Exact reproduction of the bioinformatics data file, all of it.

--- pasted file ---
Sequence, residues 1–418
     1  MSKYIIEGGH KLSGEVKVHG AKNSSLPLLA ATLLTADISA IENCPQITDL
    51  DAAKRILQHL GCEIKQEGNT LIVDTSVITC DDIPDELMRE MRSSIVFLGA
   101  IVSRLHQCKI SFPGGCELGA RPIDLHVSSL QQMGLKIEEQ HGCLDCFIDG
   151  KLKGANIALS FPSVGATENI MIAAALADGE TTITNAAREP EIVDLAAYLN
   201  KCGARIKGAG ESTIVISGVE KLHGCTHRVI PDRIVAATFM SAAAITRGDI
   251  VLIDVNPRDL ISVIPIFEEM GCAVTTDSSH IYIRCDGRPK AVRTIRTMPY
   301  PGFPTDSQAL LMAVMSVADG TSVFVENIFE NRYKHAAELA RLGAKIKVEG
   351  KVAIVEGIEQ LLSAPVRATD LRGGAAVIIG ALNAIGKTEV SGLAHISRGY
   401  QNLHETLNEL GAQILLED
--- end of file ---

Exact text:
Sequence, residues 1–418
     1  MSKYIIEGGH KLSGEVKVHG AKNSSLPLLA ATLLTADISA IENCPQITDL
    51  DAAKRILQHL GCEIKQEGNT LIVDTSVITC DDIPDELMRE MRSSIVFLGA
   101  IVSRLHQCKI SFPGGCELGA RPIDLHVSSL QQMGLKIEEQ HGCLDCFIDG
   151  KLKGANIALS FPSVGATENI MIAAALADGE TTITNAAREP EIVDLAAYLN
   201  KCGARIKGAG ESTIVISGVE KLHGCTHRVI PDRIVAATFM SAAAITRGDI
   251  VLIDVNPRDL ISVIPIFEEM GCAVTTDSSH IYIRCDGRPK AVRTIRTMPY
   301  PGFPTDSQAL LMAVMSVADG TSVFVENIFE NRYKHAAELA RLGAKIKVEG
   351  KVAIVEGIEQ LLSAPVRATD LRGGAAVIIG ALNAIGKTEV SGLAHISRGY
   401  QNLHETLNEL GAQILLED